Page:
I’ve loved to travel for as long as I can remember. After spending much of my first year of college unhappy, I opted to take my classes remotely in the Fall 2020 semester. When I couldn’t convince any of my friends to do the same, I chose to move to Hawaii by myself for a month.
When I told people about my plans, I usually accompanied it with a crack about ~finding myself~. At first Hawaii was just about being out of my parents house and by the beach. However, over my time there I learned more about myself than I ever thought was possible.
#1: How to make friends
Without the aid of shared classes or mutual clubs, putting yourself out there can feel scary and foreign. But being thousands of miles away from everyone I’ve ever known forced me out of my comfort zone. I’ve managed to make some incredible relationships that I know will outlast my travels.
#2: Appreciation for a new culture
Hawaii is one of the most beautiful places I’ve ever seen. However, I needed to remind myself that Hawaii doesn’t exist for my self-discovery. People’s homes and livelihoods are there, and it was important for me to be cognisant of that. I tried to educate myself on the history of the islands and those who inhabit them, and it only enriched my time there.
#3: How to use social media in a healthier way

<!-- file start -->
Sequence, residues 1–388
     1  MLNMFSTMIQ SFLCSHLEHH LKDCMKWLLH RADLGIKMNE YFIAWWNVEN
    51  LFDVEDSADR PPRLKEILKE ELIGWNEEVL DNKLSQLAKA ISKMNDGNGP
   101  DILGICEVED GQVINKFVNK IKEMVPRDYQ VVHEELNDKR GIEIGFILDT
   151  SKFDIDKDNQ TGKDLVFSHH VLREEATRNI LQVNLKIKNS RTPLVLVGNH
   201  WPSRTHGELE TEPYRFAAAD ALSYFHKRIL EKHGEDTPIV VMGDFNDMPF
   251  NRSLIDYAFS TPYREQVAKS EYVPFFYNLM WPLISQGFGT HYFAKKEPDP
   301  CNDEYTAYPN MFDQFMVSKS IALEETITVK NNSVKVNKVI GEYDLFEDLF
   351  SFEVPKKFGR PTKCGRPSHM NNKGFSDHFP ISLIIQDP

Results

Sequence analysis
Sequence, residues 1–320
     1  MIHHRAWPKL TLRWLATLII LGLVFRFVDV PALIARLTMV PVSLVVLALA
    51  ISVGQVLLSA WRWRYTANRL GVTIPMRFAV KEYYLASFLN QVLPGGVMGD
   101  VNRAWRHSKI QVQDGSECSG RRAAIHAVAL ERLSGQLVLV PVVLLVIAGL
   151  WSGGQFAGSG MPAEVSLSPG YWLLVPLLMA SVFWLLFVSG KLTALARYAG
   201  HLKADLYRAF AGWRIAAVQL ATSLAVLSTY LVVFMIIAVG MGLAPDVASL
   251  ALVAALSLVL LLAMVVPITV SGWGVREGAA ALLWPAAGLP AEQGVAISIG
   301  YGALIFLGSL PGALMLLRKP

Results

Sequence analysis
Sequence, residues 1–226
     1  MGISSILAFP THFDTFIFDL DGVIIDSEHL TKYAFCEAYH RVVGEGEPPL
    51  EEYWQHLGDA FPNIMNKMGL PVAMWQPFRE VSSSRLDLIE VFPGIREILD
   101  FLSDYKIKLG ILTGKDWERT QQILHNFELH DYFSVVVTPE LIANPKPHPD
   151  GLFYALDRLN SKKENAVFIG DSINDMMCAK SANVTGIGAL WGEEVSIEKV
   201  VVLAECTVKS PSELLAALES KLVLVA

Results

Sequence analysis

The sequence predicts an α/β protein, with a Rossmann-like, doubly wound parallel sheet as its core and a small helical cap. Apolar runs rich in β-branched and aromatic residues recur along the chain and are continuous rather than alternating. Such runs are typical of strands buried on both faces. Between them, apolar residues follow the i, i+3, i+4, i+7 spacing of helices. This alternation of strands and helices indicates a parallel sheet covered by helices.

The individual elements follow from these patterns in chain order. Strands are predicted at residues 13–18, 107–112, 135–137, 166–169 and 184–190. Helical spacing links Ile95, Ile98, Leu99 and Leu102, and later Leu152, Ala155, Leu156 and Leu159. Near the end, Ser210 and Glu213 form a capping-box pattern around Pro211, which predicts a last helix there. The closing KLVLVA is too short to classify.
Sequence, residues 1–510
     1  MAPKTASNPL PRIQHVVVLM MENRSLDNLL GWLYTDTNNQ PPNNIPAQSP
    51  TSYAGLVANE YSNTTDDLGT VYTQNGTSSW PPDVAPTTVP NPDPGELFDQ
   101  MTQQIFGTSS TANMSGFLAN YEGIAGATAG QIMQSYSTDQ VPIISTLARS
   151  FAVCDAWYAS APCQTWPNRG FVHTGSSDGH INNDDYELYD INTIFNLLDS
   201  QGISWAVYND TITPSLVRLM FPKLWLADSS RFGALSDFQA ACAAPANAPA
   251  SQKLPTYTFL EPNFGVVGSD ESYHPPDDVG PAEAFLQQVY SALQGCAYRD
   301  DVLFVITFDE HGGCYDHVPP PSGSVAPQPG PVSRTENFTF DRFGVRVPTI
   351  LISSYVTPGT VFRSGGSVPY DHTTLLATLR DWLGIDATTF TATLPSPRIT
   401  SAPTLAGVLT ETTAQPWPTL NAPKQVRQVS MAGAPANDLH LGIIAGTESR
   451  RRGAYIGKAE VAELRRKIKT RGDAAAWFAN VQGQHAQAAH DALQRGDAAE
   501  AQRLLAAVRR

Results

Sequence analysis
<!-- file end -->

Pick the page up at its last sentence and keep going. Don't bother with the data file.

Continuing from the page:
Social media can be a toxic environment. I am definitely guilty of analyzing a photo for twenty minutes, wondering if my left arm looks too fat to post the picture. In Hawaii, I began to use social media as a tool for documenting an incredible experience in my life.
I’ve realized that the number of likes my shark diving photo gets pales in comparison to the feeling of looking a shark in the eyes. In the digital age it’s important to be as present as possible, and recognizing social media for what it is has helped me do so.
#4: There are more important things than school
This month I turned in an assignment late for the first time in my college career. And guess what? The Earth kept turning.
The college environment can make grades feel like the be-all and end-all, but I’ve learned that I’d rather take a ten percent grade reduction than miss out on a sunrise hike with my friends.
I’m not advocating for letting your grades go off the deep end. I just think we should remind ourselves to be humans before we’re students.
#5: You don’t have to be good at things to make them worth your time
During your college years there’s such an emphasis on finding the perfect school work/social life/healthy living balance. Maybe it’s Maybelline, maybe it’s capitalism. Either way, it’s not realistic.
When I entered college I felt like everyone else knew what they were doing immediately, which left me feeling afraid to mess up. Over the last month I learned that it’s okay if I’m the worst surfer in the world or if I have to walk during every single one of my runs. I think anything that brings you joy is worth doing, even if it doesn’t add anything else to your life besides happiness.
Though it might seem daunting, I encourage anyone who can find the opportunity to do some solo traveling. I hope you’ll get as much out of it as I did.
I’ll be returning to campus in the spring with a better understanding of who I am and what I want, and I think that’s all I could have asked for from this year.